Mika and the Witch’s Mountain

Post Mortem



This series of blog posts is part of the post-mortem on Mika and the Witch’s Mountain. Here is a link to the first part and to the second one.


After the campaign ends, the period of managing, producing, and delivering rewards (both physical and digital) begins. At the same time, the development of the game is completed and the launch is prepared, which also influences some of them.

Support management

To do this, we will set up an action plan for the next few months, with regular updates (ideally 1 or 2 per month) on: the production status of the different elements of the rewards; the sample of the final product of some others (such as the washi tape or the tarot cards); and finally, to report on shipments and deliveries.

It also allows us to keep the focus on the campaign (which is important for getting the information we need from backers to minimize long-term problems), build trust, and more effectively manage problems as they arise.

Late pledges

At Chibig, we want to enhance the community experience with the ability to modify pledges and contributions (by adding add-ons) after the campaign ends.

That’s why we look to companies likePledgeManager and Backerkitfor that kind of flexibility to change rewards after the campaign.

Specifically, we want to offer the digital pre-order of the game, as well as the physical edition and the figure, to backers who come in after the campaign.


As mentioned before, in addition to the cost of manufacturing the physical rewards, there are complex costs to manage and calculate that result from the logistics of getting them from the factory to where the elements are assembled into a reward package, and from that location to anywhere in the world.

However, there are companies that specialize in crowdfunding campaigns that can help you manage all of this, such as Floship, Backerkit or Easyship (the latter with a direct integration with Kickstarter).

After reaching 24,000 backers, we realized that it would be much better to rely on partners who could facilitate these tasks. But this is not without risk: relying on the collaboration of external partners requires very good control of margins, as they represent another additional cost.


With great power comes great responsibility

At Chibig, we believe that the accessibility of our campaign planning and design processes will contribute to the creation of a healthy video game industry. There is also an additional responsibility to those who see this campaign as an example to follow or to inspire.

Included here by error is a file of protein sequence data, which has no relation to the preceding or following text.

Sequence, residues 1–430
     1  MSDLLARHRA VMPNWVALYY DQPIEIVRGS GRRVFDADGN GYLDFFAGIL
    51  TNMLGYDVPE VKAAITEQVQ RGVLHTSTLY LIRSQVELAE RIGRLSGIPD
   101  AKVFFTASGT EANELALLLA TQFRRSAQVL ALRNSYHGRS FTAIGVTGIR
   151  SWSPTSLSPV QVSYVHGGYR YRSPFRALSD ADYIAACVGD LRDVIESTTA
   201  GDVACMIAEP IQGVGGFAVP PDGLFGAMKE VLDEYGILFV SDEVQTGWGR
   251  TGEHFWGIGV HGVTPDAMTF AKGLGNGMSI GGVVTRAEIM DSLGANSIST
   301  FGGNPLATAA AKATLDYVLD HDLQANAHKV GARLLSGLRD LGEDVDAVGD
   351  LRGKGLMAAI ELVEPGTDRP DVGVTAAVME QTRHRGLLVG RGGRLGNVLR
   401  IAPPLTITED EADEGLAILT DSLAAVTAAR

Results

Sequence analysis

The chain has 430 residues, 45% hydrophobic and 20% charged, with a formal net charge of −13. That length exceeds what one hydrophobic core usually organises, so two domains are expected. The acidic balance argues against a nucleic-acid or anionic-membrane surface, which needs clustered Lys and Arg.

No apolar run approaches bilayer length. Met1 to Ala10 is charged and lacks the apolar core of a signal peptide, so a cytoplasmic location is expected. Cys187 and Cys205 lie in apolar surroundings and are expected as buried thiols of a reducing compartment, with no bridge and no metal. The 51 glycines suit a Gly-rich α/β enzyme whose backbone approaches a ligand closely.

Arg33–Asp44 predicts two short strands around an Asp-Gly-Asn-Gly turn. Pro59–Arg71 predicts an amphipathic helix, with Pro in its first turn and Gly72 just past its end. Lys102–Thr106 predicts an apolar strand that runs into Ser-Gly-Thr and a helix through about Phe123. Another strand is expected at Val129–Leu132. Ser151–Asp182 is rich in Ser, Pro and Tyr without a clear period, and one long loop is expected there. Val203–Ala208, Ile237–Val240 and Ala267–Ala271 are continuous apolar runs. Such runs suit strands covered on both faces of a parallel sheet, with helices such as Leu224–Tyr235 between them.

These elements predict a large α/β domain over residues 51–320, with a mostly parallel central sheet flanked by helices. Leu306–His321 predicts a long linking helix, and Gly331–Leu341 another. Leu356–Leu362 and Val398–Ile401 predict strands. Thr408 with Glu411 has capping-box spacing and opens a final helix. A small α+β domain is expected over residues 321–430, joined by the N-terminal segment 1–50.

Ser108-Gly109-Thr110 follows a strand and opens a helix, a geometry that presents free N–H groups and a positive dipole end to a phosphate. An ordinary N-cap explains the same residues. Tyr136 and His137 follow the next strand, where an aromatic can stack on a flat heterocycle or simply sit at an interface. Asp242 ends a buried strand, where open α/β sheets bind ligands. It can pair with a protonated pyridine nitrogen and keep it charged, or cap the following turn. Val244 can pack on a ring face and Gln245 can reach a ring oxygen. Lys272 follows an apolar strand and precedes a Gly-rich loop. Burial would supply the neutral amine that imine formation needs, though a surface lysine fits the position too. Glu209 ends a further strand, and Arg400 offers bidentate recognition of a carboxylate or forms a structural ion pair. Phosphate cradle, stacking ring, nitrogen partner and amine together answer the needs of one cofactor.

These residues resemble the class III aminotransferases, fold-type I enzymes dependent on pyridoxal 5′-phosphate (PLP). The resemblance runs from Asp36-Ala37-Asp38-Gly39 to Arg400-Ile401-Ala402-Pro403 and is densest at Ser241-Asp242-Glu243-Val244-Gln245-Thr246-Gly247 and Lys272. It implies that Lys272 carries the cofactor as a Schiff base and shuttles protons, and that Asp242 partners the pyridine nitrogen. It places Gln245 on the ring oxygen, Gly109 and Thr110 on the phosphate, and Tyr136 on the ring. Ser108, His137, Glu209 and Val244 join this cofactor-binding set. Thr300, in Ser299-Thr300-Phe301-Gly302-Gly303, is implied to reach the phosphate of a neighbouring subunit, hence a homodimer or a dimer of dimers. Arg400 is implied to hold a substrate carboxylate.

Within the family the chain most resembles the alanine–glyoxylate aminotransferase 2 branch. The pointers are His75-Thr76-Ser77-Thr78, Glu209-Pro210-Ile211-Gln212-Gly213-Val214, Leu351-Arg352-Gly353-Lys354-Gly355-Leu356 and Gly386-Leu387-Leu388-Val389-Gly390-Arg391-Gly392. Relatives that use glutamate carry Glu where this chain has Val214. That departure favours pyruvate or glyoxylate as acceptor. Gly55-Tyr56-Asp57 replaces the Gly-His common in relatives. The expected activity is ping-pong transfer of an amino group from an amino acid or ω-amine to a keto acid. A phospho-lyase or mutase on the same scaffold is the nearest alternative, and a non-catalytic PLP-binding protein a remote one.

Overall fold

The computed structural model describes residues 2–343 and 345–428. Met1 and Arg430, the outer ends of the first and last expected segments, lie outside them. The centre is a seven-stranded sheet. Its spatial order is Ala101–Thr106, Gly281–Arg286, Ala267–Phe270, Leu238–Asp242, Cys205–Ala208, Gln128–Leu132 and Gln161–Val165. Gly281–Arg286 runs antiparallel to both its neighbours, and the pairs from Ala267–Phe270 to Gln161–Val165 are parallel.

For this reason, we believe it is crucial to share certain internal mechanisms that will help clarify and refute the myths surrounding the platform and how it relates to the process of making games.

The “hidden” costs of physical rewards

When it comes to designing physical rewards, we tend to think in terms of the cost of production (which is the most obvious investment amount) and the cost of shipping, roughly speaking, as something that falls on the backer’s side (weighing cost overruns and discounts depending on shipping destination).

However, some of the physical rewards are not shipped directly from the factory and must be moved to a warehouse. Thus, both the transfer to a warehouse and the storage itself are additional costs. In addition, this warehouse is where the handling and packaging of the items will take place (known as fulfillment, another additional cost).

This last step can be “skipped” to save money, but in most cases certain rewards only make sense if they come in a single package (for example, if a special edition of the game is offered that includes multiple items, but each item is from a different manufacturer).

In terms of manufacturing, in some cases it will also make sense to look for different manufacturers in different territories to reduce costs; it will also mean looking for warehousing and handling personnel.

All this means not only a big puzzle, but also the time and dedication of a studio member or hiring an (extra) service capable of dealing with this reality. This is another substitute or additional cost to all the previous ones.

Finally, when designing a campaign, you need to think about what the physical rewards bring to the table, and which of them are actually good for the growth of the campaign: what they are able to scale in terms of funding is worth the logistics costs that follow?

Digital rewards: necessary but not enough

After the great start of the campaign (€100,000 in 24 hours) with almost all digital rewards (16 digital items out of 21) and the average ticket we planned (€42), it could be said that a Kickstarter campaign today can be successfully funded only with digital content.